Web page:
Hooked up the two flap servos...



    I still need to mess with the mixing but the wing's four control surfaces are all working...



    This should be a fun wing, lots of opportunity to mess with flight modes, flaps, crow & other unnecessarily complicated stuff...



    We're getting close now, not much more to do.

  18. #43
    Nodd's Avatar
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    RE: Piper Cub Sailplane

    The last 10% takes 90% of the time
    While that's generally true, wrapping up the last odds & ends went smoothly today. The first order of business was to install the radio spaghetti...



    I hate disturbing the receiver by plugging/un-plugging wires when removing the wing, so I made a bunch of servo extensions. This allows me to plug the wing into those instead of messing with the receiver each time...



    With all these wires I color coded everything so I don't have to think at the field. We should all avoid thinking whenever possible...



    A couple of rare-earth magnets hold the battery hatch in place...



    She was tail heavy when I first stuck her up on the balance stand, needing 6oz to level her out at 10% static margin...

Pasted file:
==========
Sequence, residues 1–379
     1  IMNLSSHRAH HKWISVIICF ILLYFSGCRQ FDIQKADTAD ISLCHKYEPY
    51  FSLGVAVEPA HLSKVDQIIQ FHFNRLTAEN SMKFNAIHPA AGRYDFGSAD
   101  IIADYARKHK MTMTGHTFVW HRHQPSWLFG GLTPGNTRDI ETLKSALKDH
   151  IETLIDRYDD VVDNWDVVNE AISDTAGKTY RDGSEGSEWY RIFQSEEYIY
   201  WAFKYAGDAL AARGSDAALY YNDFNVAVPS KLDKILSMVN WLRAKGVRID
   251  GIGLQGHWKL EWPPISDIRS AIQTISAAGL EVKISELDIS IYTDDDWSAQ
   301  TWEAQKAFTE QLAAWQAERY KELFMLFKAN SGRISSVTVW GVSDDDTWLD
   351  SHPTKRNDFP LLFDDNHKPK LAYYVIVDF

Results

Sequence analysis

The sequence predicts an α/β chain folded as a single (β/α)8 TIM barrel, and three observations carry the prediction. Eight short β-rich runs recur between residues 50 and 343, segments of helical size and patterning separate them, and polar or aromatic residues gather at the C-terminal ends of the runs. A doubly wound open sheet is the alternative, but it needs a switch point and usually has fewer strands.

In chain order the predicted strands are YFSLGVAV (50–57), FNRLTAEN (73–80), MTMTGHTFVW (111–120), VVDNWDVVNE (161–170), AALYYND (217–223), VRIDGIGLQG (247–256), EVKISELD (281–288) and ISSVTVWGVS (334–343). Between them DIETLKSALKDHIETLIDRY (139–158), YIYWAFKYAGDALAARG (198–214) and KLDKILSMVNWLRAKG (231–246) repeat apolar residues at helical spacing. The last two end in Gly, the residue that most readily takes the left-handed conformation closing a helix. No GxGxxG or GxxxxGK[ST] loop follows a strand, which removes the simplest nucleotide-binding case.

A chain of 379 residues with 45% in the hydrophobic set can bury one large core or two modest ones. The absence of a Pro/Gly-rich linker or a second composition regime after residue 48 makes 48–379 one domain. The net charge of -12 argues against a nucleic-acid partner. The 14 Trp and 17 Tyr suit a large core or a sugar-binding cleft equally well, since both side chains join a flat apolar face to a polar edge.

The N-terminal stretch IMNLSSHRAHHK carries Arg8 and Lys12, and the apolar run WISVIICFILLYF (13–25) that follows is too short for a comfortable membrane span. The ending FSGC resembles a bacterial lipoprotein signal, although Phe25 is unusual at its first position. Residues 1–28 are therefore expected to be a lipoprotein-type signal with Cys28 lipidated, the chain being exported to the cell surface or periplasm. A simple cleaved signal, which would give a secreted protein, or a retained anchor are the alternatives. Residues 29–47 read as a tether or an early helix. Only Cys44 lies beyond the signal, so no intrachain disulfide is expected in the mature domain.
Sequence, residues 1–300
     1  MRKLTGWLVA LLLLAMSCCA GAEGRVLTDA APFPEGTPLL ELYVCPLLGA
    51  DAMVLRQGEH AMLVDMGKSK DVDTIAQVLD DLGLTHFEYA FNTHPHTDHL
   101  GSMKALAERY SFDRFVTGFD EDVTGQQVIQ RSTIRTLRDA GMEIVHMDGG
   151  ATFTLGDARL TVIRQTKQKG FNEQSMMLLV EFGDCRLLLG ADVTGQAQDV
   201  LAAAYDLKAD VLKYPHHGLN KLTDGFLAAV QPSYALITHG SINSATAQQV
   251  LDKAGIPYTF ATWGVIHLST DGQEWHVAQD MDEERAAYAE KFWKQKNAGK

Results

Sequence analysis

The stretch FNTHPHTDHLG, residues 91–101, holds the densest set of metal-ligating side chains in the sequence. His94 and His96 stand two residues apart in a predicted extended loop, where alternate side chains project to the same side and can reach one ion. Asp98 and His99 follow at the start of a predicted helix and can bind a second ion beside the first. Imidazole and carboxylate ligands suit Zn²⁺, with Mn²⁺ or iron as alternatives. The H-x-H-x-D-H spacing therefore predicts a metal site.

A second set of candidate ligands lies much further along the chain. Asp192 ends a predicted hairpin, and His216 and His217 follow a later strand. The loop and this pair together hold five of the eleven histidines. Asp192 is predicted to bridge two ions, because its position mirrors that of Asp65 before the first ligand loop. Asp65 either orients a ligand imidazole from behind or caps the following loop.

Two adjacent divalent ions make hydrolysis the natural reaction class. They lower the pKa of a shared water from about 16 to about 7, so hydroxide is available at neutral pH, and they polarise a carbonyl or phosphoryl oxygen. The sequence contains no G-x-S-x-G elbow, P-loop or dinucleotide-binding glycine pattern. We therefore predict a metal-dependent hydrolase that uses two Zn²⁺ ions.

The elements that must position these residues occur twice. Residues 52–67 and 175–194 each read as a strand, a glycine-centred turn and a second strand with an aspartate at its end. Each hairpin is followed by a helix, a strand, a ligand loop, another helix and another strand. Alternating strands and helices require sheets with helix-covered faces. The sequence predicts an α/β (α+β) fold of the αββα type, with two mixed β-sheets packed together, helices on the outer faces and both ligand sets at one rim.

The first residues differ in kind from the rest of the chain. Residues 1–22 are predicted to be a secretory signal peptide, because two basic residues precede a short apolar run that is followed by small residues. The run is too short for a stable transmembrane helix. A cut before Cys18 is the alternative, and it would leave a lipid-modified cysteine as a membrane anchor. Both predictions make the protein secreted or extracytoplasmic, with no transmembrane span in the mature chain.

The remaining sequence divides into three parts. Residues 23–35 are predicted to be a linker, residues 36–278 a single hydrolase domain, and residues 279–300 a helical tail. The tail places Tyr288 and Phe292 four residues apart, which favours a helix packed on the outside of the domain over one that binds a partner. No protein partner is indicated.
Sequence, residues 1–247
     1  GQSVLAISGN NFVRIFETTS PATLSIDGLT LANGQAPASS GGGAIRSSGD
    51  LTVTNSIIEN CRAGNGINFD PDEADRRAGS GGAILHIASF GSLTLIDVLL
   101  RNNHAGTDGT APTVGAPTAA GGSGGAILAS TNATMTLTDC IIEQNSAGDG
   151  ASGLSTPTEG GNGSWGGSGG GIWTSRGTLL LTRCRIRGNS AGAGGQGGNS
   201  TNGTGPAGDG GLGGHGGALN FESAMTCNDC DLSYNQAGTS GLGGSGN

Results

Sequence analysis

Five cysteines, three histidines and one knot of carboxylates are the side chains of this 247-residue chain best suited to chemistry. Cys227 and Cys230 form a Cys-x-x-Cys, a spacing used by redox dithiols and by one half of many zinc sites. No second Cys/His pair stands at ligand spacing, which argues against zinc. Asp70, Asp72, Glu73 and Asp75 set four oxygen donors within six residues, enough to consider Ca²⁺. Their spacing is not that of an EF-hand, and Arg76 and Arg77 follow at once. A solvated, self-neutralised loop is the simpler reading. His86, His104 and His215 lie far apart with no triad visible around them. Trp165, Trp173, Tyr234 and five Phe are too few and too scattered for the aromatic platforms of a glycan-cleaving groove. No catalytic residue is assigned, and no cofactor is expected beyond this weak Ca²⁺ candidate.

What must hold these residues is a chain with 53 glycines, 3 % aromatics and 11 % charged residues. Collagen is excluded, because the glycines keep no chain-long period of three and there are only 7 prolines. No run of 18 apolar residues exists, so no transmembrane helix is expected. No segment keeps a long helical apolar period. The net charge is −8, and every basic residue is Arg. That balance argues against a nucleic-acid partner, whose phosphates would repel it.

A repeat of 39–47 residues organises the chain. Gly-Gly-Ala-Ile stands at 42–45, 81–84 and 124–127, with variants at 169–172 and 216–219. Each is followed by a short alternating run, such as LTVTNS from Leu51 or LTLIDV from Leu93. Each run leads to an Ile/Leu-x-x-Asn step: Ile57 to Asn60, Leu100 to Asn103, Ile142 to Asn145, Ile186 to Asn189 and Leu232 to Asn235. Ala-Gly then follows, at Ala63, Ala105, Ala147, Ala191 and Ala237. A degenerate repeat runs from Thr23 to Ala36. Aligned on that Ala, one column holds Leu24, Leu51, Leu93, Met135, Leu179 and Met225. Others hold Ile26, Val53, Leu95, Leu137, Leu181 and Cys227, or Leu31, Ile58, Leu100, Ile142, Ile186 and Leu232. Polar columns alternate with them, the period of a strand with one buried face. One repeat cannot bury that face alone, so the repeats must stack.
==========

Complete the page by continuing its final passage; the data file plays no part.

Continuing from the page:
To better help balance her I removed the nifty steerable tail wheel. It was useless anyway as the plane rests on the nose skid, with the tail up in the air...



    That translated into a few less ounces needed in the nose. I also moved the CG back to 5% static margin & she balanced with just 3 ounces. Much better...



    Added a custom Cub logo to the tail...



    Well she's all ready to go. Maiden flight time tomorrow, woohoo! Wish me luck.


  19. #44
    Nodd's Avatar
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    RE: Piper Cub Sailplane

    Almost forgot
    I know you folks probably want a few stats...

    Wingspan: 60.25 in / 1530 mm
    Weight: 40.9 oz / 1159 g
    Wing Area: 465 sq.in
    Wing Loading: 11.9 oz/sq.ft / 36 g/sq.dm
    Cubic Loading: 5.93 oz/cubic.ft